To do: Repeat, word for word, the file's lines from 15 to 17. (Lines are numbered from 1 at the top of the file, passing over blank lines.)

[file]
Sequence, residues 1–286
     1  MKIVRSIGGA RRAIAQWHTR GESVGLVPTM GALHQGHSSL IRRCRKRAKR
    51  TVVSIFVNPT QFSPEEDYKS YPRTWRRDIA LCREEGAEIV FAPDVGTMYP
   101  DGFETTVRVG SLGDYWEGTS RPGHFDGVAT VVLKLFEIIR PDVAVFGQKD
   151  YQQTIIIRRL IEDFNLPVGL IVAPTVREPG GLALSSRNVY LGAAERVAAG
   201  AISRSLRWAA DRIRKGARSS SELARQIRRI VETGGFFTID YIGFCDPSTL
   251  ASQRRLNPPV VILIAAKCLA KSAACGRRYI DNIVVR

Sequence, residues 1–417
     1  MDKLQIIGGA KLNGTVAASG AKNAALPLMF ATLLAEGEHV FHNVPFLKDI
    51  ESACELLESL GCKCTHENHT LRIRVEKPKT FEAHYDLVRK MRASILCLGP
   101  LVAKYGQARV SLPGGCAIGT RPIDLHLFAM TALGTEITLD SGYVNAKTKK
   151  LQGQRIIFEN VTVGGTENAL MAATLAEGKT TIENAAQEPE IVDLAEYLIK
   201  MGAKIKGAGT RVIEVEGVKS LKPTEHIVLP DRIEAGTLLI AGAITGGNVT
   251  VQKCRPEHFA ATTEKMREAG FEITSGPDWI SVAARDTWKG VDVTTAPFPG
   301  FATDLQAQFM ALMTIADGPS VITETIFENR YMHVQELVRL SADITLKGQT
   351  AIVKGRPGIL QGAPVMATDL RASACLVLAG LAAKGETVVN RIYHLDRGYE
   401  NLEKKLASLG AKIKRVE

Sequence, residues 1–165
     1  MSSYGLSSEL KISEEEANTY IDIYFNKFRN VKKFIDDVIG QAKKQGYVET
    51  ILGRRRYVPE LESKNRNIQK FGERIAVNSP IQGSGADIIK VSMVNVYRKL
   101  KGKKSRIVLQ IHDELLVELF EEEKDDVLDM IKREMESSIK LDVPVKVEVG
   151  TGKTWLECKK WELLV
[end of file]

   301  FATDLQAQFM ALMTIADGPS VITETIFENR YMHVQELVRL SADITLKGQT
   351  AIVKGRPGIL QGAPVMATDL RASACLVLAG LAAKGETVVN RIYHLDRGYE
   401  NLEKKLASLG AKIKRVE